Activity at Vulcano began a mere 150,000 years ago and is divided into four major stages. The first, South Vulcano center, began at about 120 kA by building a trachybasaltic to trachyandesitic stratovolcano where pyroclastic fall and flow deposits constitute only a minor portion. The activity at South Vulcano came to an end with the collapse of the stratovolcano around 97 kA into the 2.5 km diameter Caldera del Piano. Interestingly, it seems that the caldera was formed, not by an eruption that led to a collapse but the collapse of the stratovolcano “for reasons unknown or unspecified”. Post-caldera activity continued for some 45,000 years which resulted in most of the caldera being filled by lava flows. Then there seems to have been a period of inactivity covering the next 30,000 years.

Fig 3. Looking north. An aerial photograph of the infilled Lentia Caldera with the Gran Cratere of the La Fossa Cone and island of Vulcanello

About 15½ thousand years ago, activity renewed at Quadrara and Spiaggia Lunga as well as the formation of the large rhyolitic to trachytic lava dome and flow complex of Lentia, the “Lentia Lava Dome Complex”, in the northwest. From somewhere in the strait between Vulcano and Lipari (proto-Vulcanello?) violent ash-flow forming eruptions occurred and deposited brown tuffs over a large area of the old Caldera del Piano to the south.

About 15-14 ka ago, another caldera collapse affected the island, this time in its northern part, forming the Lentia caldera. Again, there seems to have been no explosive eruption associated with the caldera collapse, which may have been “tectonically triggered”. Activity continued within the new caldera with at least five cycles of pyroclastic and lava flows, the most significant being the Punta Roja lava flow that crops out at the E base of the La Fossa cone. Eruptions also occurred from N-S trending fissures in the NW part of the older Piano caldera where the Alighieri formation and the edifice of Monte Saraceno were formed.

Fig 4. Inside the Gran Cratere of La Fossa (volcano.oregonstate.edu)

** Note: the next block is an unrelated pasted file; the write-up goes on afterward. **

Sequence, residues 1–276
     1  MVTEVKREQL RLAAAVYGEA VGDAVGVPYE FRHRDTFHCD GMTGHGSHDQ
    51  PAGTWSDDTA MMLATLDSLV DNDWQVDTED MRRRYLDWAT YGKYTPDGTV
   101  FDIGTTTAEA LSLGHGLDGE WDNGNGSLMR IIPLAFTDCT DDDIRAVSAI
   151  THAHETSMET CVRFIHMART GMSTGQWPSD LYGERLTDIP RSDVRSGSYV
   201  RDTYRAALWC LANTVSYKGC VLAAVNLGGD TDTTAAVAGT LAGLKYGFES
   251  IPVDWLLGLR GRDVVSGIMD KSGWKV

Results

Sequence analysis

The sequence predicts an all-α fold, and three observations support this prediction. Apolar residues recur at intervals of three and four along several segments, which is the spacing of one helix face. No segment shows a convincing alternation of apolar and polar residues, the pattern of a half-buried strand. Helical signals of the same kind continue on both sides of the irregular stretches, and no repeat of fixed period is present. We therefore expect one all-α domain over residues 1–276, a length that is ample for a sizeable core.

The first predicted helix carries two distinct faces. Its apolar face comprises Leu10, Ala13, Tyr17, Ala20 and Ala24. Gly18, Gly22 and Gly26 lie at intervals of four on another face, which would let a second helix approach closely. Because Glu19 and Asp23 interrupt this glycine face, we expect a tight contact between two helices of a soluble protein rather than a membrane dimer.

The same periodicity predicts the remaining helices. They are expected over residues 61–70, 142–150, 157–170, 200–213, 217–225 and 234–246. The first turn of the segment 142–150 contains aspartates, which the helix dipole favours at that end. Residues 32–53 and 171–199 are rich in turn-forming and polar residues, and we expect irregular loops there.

About  11,000 years ago, activity began to concentrate in the centre of the Lentia Caldera and at least four eruptive cycles formed the massive-looking albeit only 391 m high La Fossa cone. Over the past 2½ thousand years, there have been at least 15 confirmed eruptions with a further ten possible from La Fossa with the last terminating on March 22nd 1890.

Fig 5. A post card of Vulcanello from Lipari

Although activity at La Fossa continues and cannot be said to be over, the last major eruptive period recognised is the already mentioned one that began in the second century BC and led to the formation of the Vulcanello Island and complex. Eruptive activity continued with at least two further eruptions after the initial, island forming series ended in ~10 AD. The final eruption, that of 1550, connected Vulcanello with Vulcano. The activity produced three overlapping tephra and scoria cones with craters shifting from E to W, and a gently sloping lava platform mainly on the N, W and S sides of the cone cluster. The Vulcanello products are generally more mafic than most other Vulcano eruptives, being of leucite-tephritic composition, only the most recent lava flow, Punta del Roveto of 1550 being trachytic.

HENRIK

Fossa, 2018. Source: Volcanodiscovery

Henrik ended his post with: For further reading, I highly recommend Dr Boris Behncke’s former site, thankfully saved for posterity by the Michigan Technological University

This site does not appear to exist any more. We reproduce here part of the content, describing the eruptive cycles of the Fossa cone over the past 6000 years. The text is slightly edited from the original. The images as shown here are available at https://slidetodoc.com/3-volcanoes-killers-and-creators-dr-daniel-barker/

The evolution of the Fossa cone, the most recently active volcanic center on Vulcano island, has been described in detail by Frazzetta et al. (1983) and briefly reviewed by Frazzetta et al. (1984) and Frazzetta & La Volpe (1991). The following is a summary from those sources.